In the high school venue, in Earth’s Place in the Universe, where there are the most standards anyway, Core Idea 1.A, the Universe and Its Stars states that “stars’ light spectra and brightness is used to identify compositional elements of stars, their movements, and their distances from Earth.” Spectra is indeed used to study composition, and movement in part. Distances…..not so much. Brightness….only in the most broadest of terms. That inverse square thing only holds for standard candles. For everything else, noooooo. Distance is primarily a parallax kind of thing, especially now with the Gaia satellite taking that to a new level across the Milky Way galaxy. Brightness has its uses; these aren’t any of them.

Among the *worst* of the textual word salads here in the astronomy parts of the NGSS are in the Middle School standards, in the 1.B Earth and the Solar System section. The first of three parts states the “solar system consists of the sun (small “s”??) and a collection of objects, including planets, their moons, and asteroids…” which is all true, but incomplete. What about comets? Interplanetary dust? The Kuiper Belt Objects? Oort Cloud? Meteoroids which become meteors in our sky? But that’s not the worst of the salad. In the second of the three parts it is stated “This model of the solar system can explain eclipses of the sun and the moon” and “Earth’s spin axis is fixed in direction over the short-term but tilted relative to its orbit around the sun.” Huh?? Let’s take these two sentences separately.

“This model of the solar system can explain eclipses of the sun and the moon.”—This model has zip to do with eclipses. Eclipses were explained by Ptolemy in a completely other model, in case you forgot. The idea of a collection of other worlds has nothing to do with either solar or lunar eclipses—the other worlds, and other moons, and asteroids have not a thing to do with eclipses. Talk about your nonsequitors! Didn’t somebody proofread this?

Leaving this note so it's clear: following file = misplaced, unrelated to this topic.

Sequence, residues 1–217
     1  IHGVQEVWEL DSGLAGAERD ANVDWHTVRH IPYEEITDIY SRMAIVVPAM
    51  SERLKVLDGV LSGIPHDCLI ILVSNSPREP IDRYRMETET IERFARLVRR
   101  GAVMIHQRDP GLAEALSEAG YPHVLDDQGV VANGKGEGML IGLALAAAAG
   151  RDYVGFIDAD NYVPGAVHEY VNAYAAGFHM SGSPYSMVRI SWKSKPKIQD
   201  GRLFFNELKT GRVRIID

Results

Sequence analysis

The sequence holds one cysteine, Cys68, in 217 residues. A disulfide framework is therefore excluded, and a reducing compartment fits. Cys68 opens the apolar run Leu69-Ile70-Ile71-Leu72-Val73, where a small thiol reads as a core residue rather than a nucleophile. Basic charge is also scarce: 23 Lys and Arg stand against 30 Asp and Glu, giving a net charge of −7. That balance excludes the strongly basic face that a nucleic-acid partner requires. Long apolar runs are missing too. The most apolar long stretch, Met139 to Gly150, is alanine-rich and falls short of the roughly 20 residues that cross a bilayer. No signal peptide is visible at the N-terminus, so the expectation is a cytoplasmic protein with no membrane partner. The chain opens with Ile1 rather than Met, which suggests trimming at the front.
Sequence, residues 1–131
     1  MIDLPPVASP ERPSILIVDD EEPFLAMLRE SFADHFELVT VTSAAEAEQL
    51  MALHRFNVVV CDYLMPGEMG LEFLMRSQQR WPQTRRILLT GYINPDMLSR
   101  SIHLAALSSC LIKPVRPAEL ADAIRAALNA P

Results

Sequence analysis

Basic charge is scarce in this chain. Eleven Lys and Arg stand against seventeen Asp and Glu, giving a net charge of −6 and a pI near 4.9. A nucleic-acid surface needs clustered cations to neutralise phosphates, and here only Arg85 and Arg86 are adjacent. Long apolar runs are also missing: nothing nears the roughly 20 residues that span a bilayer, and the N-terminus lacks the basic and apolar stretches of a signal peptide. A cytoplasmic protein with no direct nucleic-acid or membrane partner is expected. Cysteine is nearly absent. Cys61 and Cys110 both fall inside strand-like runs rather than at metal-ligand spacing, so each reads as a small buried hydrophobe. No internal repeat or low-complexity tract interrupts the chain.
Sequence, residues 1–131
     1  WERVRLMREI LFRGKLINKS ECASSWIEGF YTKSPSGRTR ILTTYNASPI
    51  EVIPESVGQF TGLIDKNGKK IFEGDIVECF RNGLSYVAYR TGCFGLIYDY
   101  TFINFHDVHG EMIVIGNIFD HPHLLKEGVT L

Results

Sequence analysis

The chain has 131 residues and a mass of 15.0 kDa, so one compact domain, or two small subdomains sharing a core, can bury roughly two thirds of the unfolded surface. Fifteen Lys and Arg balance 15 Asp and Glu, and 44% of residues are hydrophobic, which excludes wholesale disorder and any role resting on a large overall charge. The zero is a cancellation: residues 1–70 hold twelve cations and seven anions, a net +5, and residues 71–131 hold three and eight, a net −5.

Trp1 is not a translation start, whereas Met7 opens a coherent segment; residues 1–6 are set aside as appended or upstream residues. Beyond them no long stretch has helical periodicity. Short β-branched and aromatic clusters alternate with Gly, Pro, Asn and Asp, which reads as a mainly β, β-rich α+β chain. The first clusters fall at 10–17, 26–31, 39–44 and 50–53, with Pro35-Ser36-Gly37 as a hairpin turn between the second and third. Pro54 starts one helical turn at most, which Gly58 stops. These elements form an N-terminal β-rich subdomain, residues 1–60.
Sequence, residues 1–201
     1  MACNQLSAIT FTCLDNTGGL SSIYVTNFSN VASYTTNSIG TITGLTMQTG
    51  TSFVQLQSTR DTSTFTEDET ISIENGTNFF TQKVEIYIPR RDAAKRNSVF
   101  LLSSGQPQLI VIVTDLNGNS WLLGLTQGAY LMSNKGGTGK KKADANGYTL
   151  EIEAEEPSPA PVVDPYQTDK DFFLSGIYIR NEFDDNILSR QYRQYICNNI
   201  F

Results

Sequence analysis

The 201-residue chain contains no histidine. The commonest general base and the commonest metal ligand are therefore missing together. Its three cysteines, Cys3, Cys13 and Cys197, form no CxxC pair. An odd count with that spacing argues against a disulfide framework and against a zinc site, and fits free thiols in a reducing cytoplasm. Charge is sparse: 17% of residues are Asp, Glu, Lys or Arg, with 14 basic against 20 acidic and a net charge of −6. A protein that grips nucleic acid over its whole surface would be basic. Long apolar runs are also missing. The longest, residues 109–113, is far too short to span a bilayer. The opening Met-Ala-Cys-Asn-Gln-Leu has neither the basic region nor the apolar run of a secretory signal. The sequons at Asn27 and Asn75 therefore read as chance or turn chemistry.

Sentence two: “Earth’s spin axis is fixed in direction over the short-term but tilted relative to its orbit around the sun.” The first clause and the second clause are unrelated to each other. Yes, in the short term the axis is fixed. Yes, the axis is tilted relative to the orbit. In the long term, it is tipped, too, but differently. So? That “but” should have been an “and”.

Notice that though the Big Bang is mentioned, there is NOTHING about galaxies of any kind. We go straight from stellar evolution to universe evolution, skipping everything in between.

What I wonder is…. should these standards be something built upon, that Elementary standards are added to and repeated in Middle School science classes, and that those, combined, are added to the High School standards? Otherwise, what was the point of teaching them because they aren’t re-used or part of the science taught at the next levels up. They are isolated concepts.